Heinrich Bullinger tended to express the philosophic belief in the - on balance over time - benign dynamics of rational persuasion not so much in classical but in biblical terms. His own existential commitment was to the second person of the Trinity, the Logos, in whom all things consist, and who, once incarnate as the historic Christ, is latent, and sometimes manifest, in the lives of individuals and their institutions. It does not matter whether one translates Logos as Word, or Action Verb, as Jerome does with Verbum in the Vulgate, or prefers Erasmus' rendition of Logos as Sermo , i.e., Language in its formal and informal communicative modalities. Both, Jerome and Erasmus, lend support in their respective translations to Bullinger's momentous reformation slogan "to preach the word of God, is the word of God".(6)

          With these eleven syllables, Bullinger encapsulates the Zurich reformation movement's program. Preachers are called to serve the living word in spirit and in truth. The sermon, a deliberate, often didactic, sometimes creative literary genre, is formally conceived by Heinrich Bullinger as an analogue to the Eucharist itself.(7) The act of preaching quickens, regardless of which topic is addressed, in the listener's ‘deep' memory the vivid and redemptive knowledge of why Christ became man. This knowledge, in turn, gives those who pay attention a sense of gratitude together with the strength (virtue) to walk the paths of their lives in the sight of God. Upright and steadfast, they serve the son by fulfilling the father's terms contained in the One and Only Eternal Covenant he made with humankind at the beginning, through the agency of Abraham before the birth of Isaac was announced. The word of God is to be received the way Abraham did: In ready attention, with open hospitality, interpreted by the rules of faith and charity, and heeded, i.e., obeyed. These injunctions notwithstanding, Abraham also serves as vivid example that he could argue with the Creator and, by dint of his reasonable appeal to fairness, win the argument. (Genesis 18:16-33)

          In his Brief Report of the One and Only Eternal Testament or Covenant of God (1534),(8) Heinrich Bullinger reconciles the Platonic account of reason's teleological role in the cosmos with Catholic orthodoxy following the humanist program, exemplified by Erasmus, to return to the primary sources to promote society's regeneration. This triple approach, incidentally, is consistent with Huldrych Zwingli's theological position. In the introduction to the Brief Report Bullinger says "Here you find what is the original Law of the solidly founded and pure Christian faith: What is in fact the first and oldest covenant and true service of God: the very goal of the whole scripture." When, at the dawn of time, the Creator gave his word to Abraham to be forever the sufficient source, the alpha and omega, of love and life, provided that we, as partners to the contract, attempt to keep its terms, an indissoluble partnership was formed.(9) This alliance, Bullinger insists, reaches across the immeasurable distance and power differential separating Creator from creature. It descends without hindrance from the father's free act of love, enabling us in patience to learn to respond in kind. Based on these premises, Bullinger's theology does not lend itself to criticism of the Supreme Power, nor its worldly representatives, and side-steps overt polemic against the many kinds of Gnosticism alive in Christendom.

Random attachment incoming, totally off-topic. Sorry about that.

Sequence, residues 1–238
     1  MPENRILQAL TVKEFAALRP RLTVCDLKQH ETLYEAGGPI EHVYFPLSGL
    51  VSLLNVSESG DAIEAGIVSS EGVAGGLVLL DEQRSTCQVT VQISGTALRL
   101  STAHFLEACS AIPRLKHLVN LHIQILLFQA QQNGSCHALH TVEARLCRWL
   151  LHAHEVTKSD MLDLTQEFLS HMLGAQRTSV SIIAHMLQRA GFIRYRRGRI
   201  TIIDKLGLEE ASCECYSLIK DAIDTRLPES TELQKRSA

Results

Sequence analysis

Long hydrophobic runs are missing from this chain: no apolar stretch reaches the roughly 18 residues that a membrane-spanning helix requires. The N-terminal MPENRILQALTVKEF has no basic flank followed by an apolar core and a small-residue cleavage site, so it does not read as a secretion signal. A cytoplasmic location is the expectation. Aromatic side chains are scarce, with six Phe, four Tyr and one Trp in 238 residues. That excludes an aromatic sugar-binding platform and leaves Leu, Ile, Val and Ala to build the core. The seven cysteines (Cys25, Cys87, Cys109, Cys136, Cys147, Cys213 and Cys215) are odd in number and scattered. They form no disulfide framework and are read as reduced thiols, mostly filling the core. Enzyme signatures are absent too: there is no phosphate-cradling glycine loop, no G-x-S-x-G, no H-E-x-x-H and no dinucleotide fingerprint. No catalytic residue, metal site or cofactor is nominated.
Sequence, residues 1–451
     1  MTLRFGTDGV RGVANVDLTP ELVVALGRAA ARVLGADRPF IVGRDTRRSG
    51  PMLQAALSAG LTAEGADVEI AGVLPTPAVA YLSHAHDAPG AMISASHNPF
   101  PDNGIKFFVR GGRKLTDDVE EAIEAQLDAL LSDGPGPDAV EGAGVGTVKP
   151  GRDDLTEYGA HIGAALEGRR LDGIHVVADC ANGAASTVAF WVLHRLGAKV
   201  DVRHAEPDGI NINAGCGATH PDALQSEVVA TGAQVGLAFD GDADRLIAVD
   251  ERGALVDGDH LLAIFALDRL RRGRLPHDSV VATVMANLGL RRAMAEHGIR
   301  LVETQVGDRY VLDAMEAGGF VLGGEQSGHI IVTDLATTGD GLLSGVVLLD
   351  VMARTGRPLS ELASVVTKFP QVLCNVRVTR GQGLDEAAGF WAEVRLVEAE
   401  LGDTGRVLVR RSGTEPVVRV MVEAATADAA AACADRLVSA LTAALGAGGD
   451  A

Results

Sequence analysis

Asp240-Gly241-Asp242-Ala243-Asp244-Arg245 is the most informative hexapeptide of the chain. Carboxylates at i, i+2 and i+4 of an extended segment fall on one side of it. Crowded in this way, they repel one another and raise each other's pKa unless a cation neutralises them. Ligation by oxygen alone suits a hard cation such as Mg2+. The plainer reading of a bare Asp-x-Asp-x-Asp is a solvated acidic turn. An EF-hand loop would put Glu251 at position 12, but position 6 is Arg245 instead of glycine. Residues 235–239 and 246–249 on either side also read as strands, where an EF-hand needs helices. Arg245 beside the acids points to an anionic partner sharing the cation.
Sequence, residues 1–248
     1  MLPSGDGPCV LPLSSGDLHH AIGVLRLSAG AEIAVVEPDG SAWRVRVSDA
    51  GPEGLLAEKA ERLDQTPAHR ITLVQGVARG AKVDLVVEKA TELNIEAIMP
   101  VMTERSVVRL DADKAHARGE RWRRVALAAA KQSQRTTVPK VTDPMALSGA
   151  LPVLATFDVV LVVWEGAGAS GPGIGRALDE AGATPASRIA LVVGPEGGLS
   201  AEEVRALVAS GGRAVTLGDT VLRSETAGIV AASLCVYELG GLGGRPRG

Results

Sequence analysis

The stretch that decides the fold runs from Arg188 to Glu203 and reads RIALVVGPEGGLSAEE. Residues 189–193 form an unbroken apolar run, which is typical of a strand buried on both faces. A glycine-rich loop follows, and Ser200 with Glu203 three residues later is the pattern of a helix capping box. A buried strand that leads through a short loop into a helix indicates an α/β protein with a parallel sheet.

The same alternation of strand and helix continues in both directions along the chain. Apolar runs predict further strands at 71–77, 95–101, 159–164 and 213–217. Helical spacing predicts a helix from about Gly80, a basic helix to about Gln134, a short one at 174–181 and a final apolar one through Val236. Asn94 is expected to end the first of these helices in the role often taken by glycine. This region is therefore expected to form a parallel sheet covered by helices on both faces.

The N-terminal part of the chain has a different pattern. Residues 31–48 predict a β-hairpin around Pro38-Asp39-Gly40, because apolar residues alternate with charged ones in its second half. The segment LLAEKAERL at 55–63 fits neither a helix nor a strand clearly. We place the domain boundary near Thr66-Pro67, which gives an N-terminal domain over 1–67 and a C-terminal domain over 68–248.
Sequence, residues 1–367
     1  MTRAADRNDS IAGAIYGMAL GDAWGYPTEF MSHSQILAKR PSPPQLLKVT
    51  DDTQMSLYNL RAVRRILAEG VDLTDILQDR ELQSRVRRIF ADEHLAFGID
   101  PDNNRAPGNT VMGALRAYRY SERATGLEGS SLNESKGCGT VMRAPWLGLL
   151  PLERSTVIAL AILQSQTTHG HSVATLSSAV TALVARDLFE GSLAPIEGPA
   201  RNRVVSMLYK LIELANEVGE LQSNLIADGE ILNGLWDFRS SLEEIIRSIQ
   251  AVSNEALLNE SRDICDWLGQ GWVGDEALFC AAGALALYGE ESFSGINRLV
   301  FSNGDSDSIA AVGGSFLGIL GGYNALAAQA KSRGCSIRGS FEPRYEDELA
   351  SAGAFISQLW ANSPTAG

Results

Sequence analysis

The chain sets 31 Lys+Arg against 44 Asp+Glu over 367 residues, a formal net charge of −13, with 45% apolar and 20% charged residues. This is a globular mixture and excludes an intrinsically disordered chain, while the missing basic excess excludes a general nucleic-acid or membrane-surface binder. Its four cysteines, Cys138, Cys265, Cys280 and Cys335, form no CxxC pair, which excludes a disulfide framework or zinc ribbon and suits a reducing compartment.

Human identity, according to Bullinger's hypothesis, is founded on the covenantal partnership. To learn to overcome the odds and come to honor the original agreement, with the requisite cooperation of grace, is to arrive at mature selfhood. The primary indispensable human bond is neither instituted by nature, nor by culture, but by the absolute, the numinous and transcendent.(10) The firm personal knowledge of this bond, no longer mediated by priest and ritual, steers the individual's daily conduct toward the ethical standards to which the human being as child of God aspires. Faith in the Trinitarian deity, for Bullinger, is not an irrational subjective mode of experience, but an indispensable rational ingredient of objective reality capable of setting in motion the regeneration and healing of human nature,(11) which finds itself in desperate need of repair. (Cf. OT Jeremiah 17:5-10; Psalm 25:10. Holy Qur'an 29:41). His understanding of the human situation vis-a-vis eternity, though stern, is more humane, lucid, rational, and hopeful than Calvin's teaching of the ‘decretum horribile' and ‘double predestination' in The Institutes of the Christian Religion (1536).

          As a theologian and pastor, Heinrich Bullinger, Leutpriester of the church of Zurich from 1532 to1574, followed prudently in the steps of Theophilus, sixth Bishop of Antioch ( fl. 180 CE), a great and saintly man, whose work and life he knew from the Church History of Eusebius. Theophilus defended the integrity of the young Christian faith against Marcion and Hermogenes, and, in his three books Ad Autolycum,campaigned against the superstitions of popular paganism and the entrenched traditions of magic.(12) For his defense of the Christian faith, Theophilus relied on the prophetic testimonies of the Old Testament, and on conceptual-rhetorical innovation. He is credited to be the first to apply the number three to the Godhead in public controversy, and to have thus given decisive strength to his arguments on behalf of apostolic orthodoxy. Theophilus made sure the center did not crumble amidst the fierce doctrinal conflicts afflicting the new dispensation. Heinrich Bullinger, allowing for changed circumstances, does the same.(13) After having discovered the structural similarity between the law and the scriptural canon,(14) he forwards the analogy that just as the whole of the law is contained in the commandment to love God and neighbor, so the whole of holy script is already - tam facti quam animi - present in the eternal Covenant.(15)